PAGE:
The International Incident

“Lois, come up here quick. We have an international incident,” Günter calls.

I scramble topside to see that a new yacht has entered the bay.

“You bloody British!” Jean-Claude is screaming at the boat.

The return salvo is quick: “Typical bloody Frenchman!”

The new yacht had plopped its anchor right in front of Makoko, then pulled back, hooking onto Makoko’s bow anchor.

They had the nerve to ask me to pull back because they were getting too close,” Jean-Claude fumes.  Claudie just happens to be taking her afternoon swim. She heads for their anchor and tries to untangle the mess, but she can’t do it alone.

“Doug, Armin,” Günter commands. “Launch the dinghy. Quick!  They need a U.S. peacekeeping force out there.”

In a flash, our crew reaches the offending anchor, followed by the Canadian contingent, Ed and Julie, of Free Radical.  The four of them struggle to free the lines and, finally, the British boat slinks away to anchor somewhere else.

The conflict is resolved.  The peacekeeping force returns to Pacific Bliss, and the afternoon is spent rehashing the incident and laughing about French-English hostilities that have been going on since the 17th century—all with more than one “cold one” in our hands.

Who says cruising is boring?

I initially wrote this for a Judy Reeves Writing Workshop. After I volunteered to read it to the class, Judy asked me, “Will this be included in your book?”

“It will be, now,” I told her.

Today, I am holed up in a charming British/Caribbean-style resort on Tortola, BVI, called Fort Recovery. A gentle, tropical rain falls outside my picture window facing the sea. I sit at my laptop, writing my second book, “Sailing the South Pacific.” Here is this section of that book:

The heat of the Papeete harbor is excruciating. Unfortunately, I had selected this day to bake cookies for an afternoon Koffee Klatch with fellow cruisers. As I open the oven to put in the second batch of cookies, steam pours out.  Rivers of sweat run from my hair and drip into my eyes, smearing my mascara. But most irritating is the sweat that I can feel accumulating underneath my breasts. “What the H—!” I fling off my one-piece sundress. I’m in a state of temporary amnesia. I forget that the galley of Pacific Bliss opens into a wide cockpit that can be seen from passersby walking along the quay. We are no longer at sea!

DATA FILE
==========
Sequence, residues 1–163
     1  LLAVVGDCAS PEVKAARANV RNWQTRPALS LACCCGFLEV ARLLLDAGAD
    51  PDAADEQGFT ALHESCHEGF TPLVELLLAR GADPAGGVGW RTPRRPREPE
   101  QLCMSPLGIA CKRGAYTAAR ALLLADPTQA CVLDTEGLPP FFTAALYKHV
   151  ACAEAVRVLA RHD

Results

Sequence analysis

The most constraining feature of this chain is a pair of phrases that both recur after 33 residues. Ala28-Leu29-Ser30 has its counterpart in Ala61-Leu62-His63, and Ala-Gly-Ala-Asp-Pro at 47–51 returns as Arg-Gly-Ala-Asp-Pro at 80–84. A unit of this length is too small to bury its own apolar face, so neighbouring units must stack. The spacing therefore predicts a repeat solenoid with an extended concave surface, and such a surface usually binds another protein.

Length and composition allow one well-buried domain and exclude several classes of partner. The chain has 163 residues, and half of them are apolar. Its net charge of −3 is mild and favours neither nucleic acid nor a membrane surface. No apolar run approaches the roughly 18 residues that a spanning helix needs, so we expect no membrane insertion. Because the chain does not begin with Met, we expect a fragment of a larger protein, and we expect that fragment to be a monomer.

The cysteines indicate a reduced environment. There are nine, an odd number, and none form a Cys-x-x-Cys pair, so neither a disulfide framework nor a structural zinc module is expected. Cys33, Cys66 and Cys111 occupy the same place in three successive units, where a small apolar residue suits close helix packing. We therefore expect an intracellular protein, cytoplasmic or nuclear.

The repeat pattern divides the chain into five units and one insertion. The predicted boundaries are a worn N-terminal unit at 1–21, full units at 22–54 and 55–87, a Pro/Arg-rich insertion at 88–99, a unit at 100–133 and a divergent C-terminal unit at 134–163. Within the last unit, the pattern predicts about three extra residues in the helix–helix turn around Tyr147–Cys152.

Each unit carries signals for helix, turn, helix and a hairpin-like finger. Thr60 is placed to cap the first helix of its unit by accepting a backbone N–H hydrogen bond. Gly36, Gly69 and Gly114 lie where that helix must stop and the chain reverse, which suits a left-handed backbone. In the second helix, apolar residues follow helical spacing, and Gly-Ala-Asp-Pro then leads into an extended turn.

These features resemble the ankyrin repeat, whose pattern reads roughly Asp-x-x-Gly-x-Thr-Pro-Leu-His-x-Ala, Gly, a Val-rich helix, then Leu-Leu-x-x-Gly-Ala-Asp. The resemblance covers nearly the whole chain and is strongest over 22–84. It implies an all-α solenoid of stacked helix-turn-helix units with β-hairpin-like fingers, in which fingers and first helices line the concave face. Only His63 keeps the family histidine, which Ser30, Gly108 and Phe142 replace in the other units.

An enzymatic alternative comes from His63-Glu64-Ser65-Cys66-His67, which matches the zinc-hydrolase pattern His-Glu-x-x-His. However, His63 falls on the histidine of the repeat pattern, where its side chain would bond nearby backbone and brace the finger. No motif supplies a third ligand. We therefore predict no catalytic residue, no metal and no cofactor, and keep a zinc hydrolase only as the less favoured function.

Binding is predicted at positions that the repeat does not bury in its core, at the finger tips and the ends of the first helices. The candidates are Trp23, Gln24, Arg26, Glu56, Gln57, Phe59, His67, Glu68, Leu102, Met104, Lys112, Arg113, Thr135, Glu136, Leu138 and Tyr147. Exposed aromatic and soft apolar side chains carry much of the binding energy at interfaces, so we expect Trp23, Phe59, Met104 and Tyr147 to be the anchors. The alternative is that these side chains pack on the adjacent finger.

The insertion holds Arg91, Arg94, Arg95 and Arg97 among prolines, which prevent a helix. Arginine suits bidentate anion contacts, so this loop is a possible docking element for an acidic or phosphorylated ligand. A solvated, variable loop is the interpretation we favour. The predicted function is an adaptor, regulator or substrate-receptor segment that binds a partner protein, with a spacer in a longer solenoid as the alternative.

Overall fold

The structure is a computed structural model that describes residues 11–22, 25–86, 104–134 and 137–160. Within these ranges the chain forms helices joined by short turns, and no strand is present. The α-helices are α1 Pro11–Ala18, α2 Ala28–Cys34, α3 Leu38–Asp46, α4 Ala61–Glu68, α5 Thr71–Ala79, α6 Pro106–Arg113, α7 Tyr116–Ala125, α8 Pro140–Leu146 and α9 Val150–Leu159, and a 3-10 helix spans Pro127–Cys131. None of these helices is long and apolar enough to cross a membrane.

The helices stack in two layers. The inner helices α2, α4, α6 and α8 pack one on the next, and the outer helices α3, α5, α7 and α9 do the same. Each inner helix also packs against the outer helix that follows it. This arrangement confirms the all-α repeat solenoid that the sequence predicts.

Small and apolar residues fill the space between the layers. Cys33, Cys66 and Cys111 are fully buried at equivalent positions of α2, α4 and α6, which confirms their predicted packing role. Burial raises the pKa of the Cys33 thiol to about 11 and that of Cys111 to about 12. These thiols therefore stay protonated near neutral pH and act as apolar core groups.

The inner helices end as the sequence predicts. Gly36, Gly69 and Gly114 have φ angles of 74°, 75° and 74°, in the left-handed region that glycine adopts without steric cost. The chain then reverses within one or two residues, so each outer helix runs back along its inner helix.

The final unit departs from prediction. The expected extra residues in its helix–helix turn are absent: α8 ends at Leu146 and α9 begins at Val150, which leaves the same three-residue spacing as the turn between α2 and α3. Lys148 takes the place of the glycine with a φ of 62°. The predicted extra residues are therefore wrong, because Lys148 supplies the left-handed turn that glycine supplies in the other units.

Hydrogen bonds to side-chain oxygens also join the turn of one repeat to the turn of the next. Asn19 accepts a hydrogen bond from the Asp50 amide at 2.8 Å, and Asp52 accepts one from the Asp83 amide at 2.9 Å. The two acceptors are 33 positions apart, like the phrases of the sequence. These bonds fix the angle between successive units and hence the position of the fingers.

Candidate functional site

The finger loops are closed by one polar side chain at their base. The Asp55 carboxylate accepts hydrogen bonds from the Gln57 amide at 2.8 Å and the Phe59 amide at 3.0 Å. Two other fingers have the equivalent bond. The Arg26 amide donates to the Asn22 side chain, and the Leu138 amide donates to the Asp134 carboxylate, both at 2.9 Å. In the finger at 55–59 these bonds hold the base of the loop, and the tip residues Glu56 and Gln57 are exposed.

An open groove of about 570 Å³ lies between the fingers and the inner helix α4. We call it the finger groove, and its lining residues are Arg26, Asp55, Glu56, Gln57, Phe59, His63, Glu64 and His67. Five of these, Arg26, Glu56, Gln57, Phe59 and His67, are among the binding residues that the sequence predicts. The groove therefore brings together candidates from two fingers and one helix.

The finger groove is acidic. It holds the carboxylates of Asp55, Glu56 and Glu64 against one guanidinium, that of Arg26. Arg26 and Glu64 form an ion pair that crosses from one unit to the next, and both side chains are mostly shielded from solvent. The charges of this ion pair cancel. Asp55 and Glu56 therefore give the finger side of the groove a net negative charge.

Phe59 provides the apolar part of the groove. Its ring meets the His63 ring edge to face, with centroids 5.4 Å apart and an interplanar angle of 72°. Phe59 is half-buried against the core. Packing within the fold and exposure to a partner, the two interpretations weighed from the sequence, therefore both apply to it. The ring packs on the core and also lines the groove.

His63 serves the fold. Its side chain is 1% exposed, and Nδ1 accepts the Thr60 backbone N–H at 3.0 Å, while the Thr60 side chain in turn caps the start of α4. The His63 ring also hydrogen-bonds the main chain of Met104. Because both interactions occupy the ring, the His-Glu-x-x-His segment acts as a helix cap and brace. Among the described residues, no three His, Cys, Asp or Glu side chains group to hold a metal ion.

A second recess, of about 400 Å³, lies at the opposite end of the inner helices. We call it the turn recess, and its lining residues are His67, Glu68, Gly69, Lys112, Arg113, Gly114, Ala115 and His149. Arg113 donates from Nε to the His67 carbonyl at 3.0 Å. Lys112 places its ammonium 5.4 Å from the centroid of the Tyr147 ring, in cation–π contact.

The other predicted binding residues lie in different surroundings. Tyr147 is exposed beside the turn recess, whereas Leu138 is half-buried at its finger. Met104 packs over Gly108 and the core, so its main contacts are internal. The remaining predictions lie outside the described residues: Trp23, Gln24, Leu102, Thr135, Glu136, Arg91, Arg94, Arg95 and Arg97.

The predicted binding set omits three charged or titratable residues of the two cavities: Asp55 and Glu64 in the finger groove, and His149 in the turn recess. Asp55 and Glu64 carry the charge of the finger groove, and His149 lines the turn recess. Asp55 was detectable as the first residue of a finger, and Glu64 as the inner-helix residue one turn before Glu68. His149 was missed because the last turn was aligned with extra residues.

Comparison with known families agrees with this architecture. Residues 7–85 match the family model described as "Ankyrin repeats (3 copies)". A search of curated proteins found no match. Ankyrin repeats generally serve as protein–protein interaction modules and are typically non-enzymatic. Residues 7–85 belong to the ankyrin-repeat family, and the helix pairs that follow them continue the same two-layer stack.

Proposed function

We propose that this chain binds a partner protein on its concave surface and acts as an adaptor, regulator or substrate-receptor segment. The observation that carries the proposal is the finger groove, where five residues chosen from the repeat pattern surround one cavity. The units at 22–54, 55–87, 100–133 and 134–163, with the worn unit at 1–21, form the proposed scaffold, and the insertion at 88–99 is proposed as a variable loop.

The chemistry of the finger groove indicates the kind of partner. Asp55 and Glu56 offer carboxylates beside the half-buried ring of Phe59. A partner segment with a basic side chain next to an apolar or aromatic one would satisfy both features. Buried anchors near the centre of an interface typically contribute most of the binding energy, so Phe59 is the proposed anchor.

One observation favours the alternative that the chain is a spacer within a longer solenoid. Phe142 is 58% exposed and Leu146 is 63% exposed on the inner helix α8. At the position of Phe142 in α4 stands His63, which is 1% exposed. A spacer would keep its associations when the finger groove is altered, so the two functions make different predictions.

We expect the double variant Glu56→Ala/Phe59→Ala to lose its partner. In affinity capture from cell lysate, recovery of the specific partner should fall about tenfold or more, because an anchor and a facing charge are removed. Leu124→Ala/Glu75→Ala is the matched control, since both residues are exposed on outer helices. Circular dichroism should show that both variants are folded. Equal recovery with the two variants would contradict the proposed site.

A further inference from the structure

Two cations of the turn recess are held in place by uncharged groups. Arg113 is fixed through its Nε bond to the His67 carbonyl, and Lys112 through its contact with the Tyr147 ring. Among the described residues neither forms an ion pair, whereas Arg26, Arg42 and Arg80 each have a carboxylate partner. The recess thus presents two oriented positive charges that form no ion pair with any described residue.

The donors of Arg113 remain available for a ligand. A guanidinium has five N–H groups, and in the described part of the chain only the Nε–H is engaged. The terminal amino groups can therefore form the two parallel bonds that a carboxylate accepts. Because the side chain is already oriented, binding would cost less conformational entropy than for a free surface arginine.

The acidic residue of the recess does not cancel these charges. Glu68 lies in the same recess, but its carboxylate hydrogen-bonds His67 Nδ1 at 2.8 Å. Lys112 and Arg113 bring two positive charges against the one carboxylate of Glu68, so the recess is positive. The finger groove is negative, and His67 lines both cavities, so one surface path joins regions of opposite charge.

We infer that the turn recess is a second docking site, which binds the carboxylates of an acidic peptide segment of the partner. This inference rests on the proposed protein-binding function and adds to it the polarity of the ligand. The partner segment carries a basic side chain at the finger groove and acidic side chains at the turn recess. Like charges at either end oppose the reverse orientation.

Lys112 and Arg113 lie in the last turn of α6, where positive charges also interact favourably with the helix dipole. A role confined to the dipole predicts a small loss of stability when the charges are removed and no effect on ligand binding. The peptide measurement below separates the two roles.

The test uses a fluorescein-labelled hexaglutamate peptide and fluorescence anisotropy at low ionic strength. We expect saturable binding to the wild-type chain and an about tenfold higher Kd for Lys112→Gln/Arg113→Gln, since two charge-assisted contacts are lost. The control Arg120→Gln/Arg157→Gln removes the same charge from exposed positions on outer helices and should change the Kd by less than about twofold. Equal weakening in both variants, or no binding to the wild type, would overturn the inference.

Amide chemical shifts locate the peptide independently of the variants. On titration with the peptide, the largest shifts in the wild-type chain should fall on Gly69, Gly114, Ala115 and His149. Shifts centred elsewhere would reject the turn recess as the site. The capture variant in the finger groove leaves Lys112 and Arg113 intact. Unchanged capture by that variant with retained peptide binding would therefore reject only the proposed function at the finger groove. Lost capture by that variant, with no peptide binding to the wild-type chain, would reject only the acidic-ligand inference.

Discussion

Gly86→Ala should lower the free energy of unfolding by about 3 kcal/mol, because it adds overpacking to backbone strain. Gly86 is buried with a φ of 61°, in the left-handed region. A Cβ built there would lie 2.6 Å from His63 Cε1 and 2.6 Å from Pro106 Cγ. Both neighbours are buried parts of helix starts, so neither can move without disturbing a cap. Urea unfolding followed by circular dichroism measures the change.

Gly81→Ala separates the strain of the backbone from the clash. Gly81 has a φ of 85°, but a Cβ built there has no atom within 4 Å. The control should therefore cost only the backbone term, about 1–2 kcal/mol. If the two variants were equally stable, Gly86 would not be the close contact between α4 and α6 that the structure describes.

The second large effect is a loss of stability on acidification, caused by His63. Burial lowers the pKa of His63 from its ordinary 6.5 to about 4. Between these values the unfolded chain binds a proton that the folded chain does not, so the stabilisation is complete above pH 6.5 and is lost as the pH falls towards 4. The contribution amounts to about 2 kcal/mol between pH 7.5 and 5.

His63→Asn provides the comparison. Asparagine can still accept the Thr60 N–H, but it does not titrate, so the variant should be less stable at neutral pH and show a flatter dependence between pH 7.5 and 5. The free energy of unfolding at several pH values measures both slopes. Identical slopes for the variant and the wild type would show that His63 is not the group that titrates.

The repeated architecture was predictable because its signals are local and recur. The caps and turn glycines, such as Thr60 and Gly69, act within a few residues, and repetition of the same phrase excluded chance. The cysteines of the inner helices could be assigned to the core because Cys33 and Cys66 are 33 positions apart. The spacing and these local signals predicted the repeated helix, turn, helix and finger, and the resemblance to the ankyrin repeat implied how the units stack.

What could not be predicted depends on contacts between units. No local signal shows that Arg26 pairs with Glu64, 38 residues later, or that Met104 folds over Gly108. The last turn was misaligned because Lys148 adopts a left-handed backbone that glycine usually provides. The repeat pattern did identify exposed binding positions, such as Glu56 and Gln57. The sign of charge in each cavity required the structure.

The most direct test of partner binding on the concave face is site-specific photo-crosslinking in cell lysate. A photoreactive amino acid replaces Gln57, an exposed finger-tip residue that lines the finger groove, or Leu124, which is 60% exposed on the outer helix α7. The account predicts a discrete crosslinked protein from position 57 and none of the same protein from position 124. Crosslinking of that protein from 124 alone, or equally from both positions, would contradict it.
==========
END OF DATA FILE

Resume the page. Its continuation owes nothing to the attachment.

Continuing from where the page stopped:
“Hi, Lois,” a man’s voice calls out. “Haven’t seen Pacific Bliss since the Marquesas!” My brain is on autopilot. I step out into the cockpit to answer him, stark naked.

Oh my God!  

The man is Keith, a retired judge from Sacramento, the capital of our home state of California! He and his wife, Susan, are standing on the quay, looking in.

I can feel the flush creep from my throat to my cheeks. Recovering my composure seems impossible, but I try. “Oh, Keith…just a minute until I throw on some clothes.”

I can hear them snickering as I turn. I dash back to the galley, slip the sundress over my head, and step outside, trying to act as if nothing had happened.

“Forgot you were not at sea?” Keith asks. “We also go naked on C’est la Vie when we’re sailing out there.”

This story will spread around Papeete harbor as fast as a cockroach has babies! By the time I attend the Koffee Klatch, everyone will know.

When the time arrives, I steel myself for the embarrassment that will surely follow. But strangely, the story never comes up during the animated chatter. The cruisers have more important subjects to discuss. Some are planning their cruises around the Tahitian Islands. Others, like us, are making plans to pick up and drop off guests. The rest of them, having completed their provisioning, are already saying goodbye and leaving for The Cooks.